It has been argued that that the psychological trauma resulting from potential experimentation could have contributed to his later radicalization and violent acts.

While the mind manipulation aspect tends to be ignored by almost every mainstream outlet when reporting on his crimes, it is worth mentioning that Lee Harvey Oswald (alias A.J. Hidell), much like Kaczynski, was also a subject of MK Ultra experimentation and was pushed to kill the then president of the United States, J.F Kennedy. This was a “conspiracy” until newly declassified documents came about last year which proved beyond reasonable doubt that not only was the CIA behind the killing of one of the greatest presidents the US has ever had, but they had done so by means of brainwashing Lee Harvey Oswald (whose 201 file was opened under the name Lee Henry Oswald) and forever ruining in the process the life of a young man who had a bright future.

The trigger that altered Lee Harvey Oswald’s state of mind and pushed him over to kill President Kennedy, was the book “Brave New World”, by Aldous Huxley. He received a copy in the mail that morning. Interestingly, Oswald’s killer, Jack Ruby, is said to have received the same book the day that he killed Lee Harvey Oswald.

The MK Ultra program remained largely undisclosed to the public until its exposure in the 1970s, when investigations and congressional hearings shed light on its existence. However, due to the destruction of most of the program’s records in 1973, many details regarding the experiments, including possible connections to individuals like Kaczynski, remain shrouded in secrecy.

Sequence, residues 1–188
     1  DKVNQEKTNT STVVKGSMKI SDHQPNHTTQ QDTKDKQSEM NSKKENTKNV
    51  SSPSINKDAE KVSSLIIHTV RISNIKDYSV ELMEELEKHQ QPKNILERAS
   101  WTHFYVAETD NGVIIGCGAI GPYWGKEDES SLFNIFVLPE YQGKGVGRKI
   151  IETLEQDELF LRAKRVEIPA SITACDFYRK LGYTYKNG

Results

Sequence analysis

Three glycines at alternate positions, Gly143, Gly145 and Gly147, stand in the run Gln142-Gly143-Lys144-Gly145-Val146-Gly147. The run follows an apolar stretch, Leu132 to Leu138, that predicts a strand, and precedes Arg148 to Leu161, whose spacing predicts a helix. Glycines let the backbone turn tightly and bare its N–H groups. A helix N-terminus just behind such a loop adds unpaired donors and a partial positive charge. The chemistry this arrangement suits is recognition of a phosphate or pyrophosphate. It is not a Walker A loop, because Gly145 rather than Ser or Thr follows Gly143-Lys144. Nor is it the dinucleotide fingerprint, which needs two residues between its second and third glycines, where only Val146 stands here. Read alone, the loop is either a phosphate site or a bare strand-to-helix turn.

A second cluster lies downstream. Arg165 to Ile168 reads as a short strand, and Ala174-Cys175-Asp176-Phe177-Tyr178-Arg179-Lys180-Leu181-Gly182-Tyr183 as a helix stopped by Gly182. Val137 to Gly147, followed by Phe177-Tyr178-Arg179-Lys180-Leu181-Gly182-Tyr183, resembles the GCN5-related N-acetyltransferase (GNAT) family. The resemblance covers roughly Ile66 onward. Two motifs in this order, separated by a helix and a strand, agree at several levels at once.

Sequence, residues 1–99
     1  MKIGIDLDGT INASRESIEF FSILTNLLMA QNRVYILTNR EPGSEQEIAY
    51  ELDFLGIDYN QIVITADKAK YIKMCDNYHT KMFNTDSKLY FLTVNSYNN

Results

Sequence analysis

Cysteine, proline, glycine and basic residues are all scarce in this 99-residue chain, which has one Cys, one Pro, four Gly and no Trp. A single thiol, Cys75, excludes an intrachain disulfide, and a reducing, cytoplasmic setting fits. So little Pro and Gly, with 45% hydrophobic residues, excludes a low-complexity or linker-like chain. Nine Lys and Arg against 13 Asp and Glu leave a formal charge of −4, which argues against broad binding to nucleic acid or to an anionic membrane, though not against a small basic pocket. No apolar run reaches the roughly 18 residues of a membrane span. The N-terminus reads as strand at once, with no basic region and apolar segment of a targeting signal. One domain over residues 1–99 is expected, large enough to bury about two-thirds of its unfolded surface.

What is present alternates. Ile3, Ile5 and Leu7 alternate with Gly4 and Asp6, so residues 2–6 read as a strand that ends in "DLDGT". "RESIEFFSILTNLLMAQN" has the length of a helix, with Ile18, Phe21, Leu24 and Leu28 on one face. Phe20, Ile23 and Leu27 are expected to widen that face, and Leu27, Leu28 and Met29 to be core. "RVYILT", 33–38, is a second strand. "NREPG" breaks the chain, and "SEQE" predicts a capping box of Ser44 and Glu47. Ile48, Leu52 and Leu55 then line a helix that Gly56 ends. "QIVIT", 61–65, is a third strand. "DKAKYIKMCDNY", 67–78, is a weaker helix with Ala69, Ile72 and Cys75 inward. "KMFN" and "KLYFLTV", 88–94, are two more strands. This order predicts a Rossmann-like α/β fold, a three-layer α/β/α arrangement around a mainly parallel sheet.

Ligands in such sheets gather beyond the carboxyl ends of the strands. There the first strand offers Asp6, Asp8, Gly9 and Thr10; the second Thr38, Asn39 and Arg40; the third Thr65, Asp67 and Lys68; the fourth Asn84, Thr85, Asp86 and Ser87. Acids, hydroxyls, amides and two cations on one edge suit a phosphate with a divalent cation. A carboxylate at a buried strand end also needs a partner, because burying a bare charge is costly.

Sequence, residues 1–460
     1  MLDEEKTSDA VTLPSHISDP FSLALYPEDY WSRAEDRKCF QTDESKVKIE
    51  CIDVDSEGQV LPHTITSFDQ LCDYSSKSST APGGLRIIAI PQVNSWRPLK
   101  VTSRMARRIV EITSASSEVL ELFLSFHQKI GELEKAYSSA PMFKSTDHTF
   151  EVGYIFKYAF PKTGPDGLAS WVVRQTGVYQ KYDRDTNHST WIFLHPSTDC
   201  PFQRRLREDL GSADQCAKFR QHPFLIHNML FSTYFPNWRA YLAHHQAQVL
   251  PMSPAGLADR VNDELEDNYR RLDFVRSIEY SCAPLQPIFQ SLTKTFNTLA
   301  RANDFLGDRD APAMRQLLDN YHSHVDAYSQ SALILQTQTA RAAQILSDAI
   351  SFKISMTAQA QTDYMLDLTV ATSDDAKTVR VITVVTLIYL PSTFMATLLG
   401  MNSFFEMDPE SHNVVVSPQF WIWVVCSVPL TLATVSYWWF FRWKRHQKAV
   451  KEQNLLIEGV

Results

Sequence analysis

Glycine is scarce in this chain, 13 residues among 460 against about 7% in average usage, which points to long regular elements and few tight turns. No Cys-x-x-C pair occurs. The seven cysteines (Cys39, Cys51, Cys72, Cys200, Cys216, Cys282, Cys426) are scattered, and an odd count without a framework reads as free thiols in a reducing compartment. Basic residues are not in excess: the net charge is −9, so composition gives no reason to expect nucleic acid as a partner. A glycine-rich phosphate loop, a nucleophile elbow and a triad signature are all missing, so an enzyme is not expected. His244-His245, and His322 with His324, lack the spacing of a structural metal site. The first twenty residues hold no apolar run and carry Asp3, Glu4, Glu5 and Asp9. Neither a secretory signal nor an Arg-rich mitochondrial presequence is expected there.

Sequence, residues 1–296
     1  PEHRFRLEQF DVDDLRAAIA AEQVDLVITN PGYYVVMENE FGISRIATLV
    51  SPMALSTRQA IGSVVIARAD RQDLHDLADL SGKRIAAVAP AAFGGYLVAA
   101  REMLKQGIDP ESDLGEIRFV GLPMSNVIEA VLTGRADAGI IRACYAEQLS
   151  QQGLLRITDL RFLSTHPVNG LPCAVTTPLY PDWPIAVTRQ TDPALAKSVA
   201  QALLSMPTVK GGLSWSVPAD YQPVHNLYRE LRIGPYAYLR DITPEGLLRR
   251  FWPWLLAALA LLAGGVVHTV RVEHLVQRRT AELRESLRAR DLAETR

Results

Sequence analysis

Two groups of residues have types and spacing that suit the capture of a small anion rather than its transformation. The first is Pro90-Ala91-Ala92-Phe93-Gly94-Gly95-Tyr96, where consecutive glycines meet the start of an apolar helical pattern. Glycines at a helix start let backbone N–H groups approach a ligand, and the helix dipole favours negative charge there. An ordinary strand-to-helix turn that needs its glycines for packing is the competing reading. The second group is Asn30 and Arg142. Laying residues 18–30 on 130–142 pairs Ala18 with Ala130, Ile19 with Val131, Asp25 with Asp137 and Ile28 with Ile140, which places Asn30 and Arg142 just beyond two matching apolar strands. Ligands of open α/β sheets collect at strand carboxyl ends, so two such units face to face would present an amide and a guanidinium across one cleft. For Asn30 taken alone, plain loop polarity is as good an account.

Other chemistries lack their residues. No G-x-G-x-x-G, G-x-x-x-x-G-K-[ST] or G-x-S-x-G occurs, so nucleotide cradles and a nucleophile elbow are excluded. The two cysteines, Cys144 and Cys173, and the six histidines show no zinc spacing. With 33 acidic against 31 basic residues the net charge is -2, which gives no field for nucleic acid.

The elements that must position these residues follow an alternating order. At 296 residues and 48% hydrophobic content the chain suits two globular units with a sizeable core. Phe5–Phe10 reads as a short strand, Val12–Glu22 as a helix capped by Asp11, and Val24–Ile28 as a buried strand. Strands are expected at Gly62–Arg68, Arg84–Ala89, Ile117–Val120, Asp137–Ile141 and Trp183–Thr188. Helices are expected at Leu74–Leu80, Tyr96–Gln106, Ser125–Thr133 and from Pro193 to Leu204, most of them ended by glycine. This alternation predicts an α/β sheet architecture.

Revised FBI sketch of serial bomber known as the Unabomber, based on witness recollection after killing of store manager Hugh Scrutton. (Photo by Allan Tannenbaum/The LIFE Images Collection/Getty Images)
Revised FBI sketch of serial bomber known as the Unabomber, based on witness recollection after killing of store manager Hugh Scrutton. (Photo by Allan Tannenbaum/The LIFE Images Collection/Getty Images)

In 1966, only a few short years after the MK Ultra experiments, Ted Kaczynski began to suffer from intense gender dysphoria and was consumed by sexual fantasies centred on being a woman. This inner struggle led him to contemplate undergoing a gender transition. It has been speculated that this was brought about because he was experiencing extreme cognitive dissonance due to episodes of paranoid schizophrenia. Whether paranoid schizophrenia was an innate condition Ted suffered or was brought about by the extreme mental pressure he was put under Henry Murray’s MK Ultra experiments, is something that we will never know.

The potential connection between Ted Kaczynski and the MK Ultra experiments raises significant ethical concerns surrounding human experimentation and its long-lasting effects. The experiments conducted under MK Ultra violated fundamental principles of informed consent and the well-being of the subjects involved. These actions not only undermined the trust between citizens and their government but also had far-reaching consequences for the lives of those unwittingly subjected to experimentation.

A Life of Isolation and Radicalization

After completing his doctorate, Kaczynski became a professor of mathematics at the University of California, Berkeley. However, the pressures of academia and his growing discontent with modern society led him to abandon his career and retreat to a secluded cabin in the Montana wilderness in 1971. Living off the grid, Kaczynski began to develop his anti-technology and anti-industrialization beliefs, which formed the foundation of his later manifesto.

Kaczynski as an assistant professor at UC Berkeley in 1968